CareEdge Economic Meter:

CareEdge Economic Meter (CEM) continued on the downward trajectory in June for the third straight month. The  Decline Continues in June

score eased to 5.4 after ending the previous financial on a high of 7.6. The moderation in the score, in part, reflects  the cooling down of pent-up demand following the Covid-19 third wave. Additionally, the economy is currently  dealing with inflationary challenges which have particularly impacted the manufacturing sector. Consumption has  been slow to recover amid growing inflationary expectations. Financial sector volatility amid growing interest rates,  capital outflows and weakening of domestic currency are some other challenges impacting the pace of economic  recovery. As a result, six out of fourteen high-frequency indicators used in CEM score calculation contracted  sequentially causing the score to decline.

GST collections and E-way bill registrations were robust in June gaining from improving economic activities. GST  collections crossed the Rs 1.4 trillion mark for the fourth month in a row and were second-highest ever in June.  Power consumption, reflective of overall economic activity, grew by 16.2% (y-o-y) in June on account of higher  commercial and industrial demand. Vehicle registrations, an indicator of discretionary consumer spending, saw a  mixed trend with the registration of passenger vehicles (light and medium) rising sequentially but that of two wheelers declining sequentially.

Encouragingly, the services sector activity in June jumped with PMI-services rising to a record high of 59.2.  However, manufacturing continued to struggle due to an unrelenting rise in input prices. PMI-Manufacturing fell to  a nine-month low of 53.9 in June.

In another sign of consumer activity, bank credit expanded by 13.2% (y-o-y) during the fortnight ended June 17.  However, capital markets exhibited volatility during the month amid growing economic uncertainties. While the  fundraising by corporates through debt issuances improved in June compared with a year ago, equity issuances  registered a steep decline. Rising interest rates globally and the fear of a global growth slowdown could have  weighed on equity markets.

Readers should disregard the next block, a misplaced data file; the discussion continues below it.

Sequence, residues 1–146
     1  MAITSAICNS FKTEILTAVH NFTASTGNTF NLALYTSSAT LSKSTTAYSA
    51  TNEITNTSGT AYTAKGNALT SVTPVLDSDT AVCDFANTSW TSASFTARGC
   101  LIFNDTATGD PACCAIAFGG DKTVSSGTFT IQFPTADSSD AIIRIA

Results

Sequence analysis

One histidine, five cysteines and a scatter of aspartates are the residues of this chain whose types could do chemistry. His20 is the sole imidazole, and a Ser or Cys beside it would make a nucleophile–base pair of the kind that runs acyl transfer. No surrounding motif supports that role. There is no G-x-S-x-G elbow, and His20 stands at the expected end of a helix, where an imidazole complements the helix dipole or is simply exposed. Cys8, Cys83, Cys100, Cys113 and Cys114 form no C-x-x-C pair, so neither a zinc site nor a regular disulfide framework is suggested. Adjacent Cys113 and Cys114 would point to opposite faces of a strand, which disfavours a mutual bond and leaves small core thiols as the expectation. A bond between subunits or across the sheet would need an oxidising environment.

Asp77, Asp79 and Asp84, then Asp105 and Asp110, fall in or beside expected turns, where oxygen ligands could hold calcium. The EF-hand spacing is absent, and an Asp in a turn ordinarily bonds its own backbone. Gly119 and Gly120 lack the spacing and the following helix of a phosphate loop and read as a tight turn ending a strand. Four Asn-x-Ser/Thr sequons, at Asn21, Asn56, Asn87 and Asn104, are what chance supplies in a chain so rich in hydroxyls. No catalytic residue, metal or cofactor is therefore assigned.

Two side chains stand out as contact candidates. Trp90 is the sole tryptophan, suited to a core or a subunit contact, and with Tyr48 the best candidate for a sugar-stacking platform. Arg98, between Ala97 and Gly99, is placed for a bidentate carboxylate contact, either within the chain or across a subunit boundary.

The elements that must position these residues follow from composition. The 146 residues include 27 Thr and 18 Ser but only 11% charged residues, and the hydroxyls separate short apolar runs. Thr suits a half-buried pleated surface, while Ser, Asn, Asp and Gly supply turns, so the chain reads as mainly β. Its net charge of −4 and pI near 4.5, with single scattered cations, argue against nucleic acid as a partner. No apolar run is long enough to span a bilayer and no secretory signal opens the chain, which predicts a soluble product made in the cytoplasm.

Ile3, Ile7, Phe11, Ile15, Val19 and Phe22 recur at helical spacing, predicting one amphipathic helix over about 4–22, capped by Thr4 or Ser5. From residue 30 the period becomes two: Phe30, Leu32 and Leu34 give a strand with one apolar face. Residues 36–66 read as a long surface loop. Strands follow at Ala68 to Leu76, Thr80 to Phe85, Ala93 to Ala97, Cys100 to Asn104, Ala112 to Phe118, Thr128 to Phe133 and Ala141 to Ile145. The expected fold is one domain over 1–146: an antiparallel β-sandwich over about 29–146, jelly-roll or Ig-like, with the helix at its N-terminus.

The merchandise exports in June slowed compared with the previous month owing to global uncertainties while  imports rose marginally. Imports remained above USD 60 billion for the fourth straight month due to elevated commodity prices.

The unemployment rate in June climbed to 7.8% in June primarily due to the rural unemployment rate, which has  jumped sharply to 8.0% from 6.6% in May. The urban unemployment fell to 7.3% from 8.2% a month ago. With  progress in rainfall and improved Kharif sowing in July, the demand for agricultural labourers is expected to rise.  This would bode well for rural employment and in turn for rural consumption demand. Urban employment is  expected to gain from the rising economic activities.

Overall, various high-frequency indicators have been exhibiting a mixed trend so far in FY23. While indicators such  as GST, E-way bill registrations, credit growth and PMI services have been performing well, others continue to lag. As a result, the economic recovery has remained uneven. Challenges on account of geopolitical risks and inflation continue to hamper the growth momentum. Consumption demand is improving, albeit at a slower than desired  pace. Improving capacity utilisation levels is setting the ground for a pick-up in private investment. However,  economic and financial volatility could weigh on investors’ sentiment. High raw material prices continue to be a  pain point for the manufacturing sector. There are some signs of easing commodity prices. However, it is difficult  to say if the trend will continue amid a volatile economic environment. Slowing global GDP growth could also have  a bearing on the economy. Hence, the economic outlook for the current fiscal remains quite uncertain and will ride  completely on the wheels of private consumption and investment demand.

CEM tracks the state of the economy based on 14 high-frequency indicators. Each of these reflects a particular  aspect of the economic activity in areas such as production, consumption, investment and employment. The  changes are tracked and compared over the preceding periods both in terms of a single month and cumulatively.

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Score (0-10) Interpretation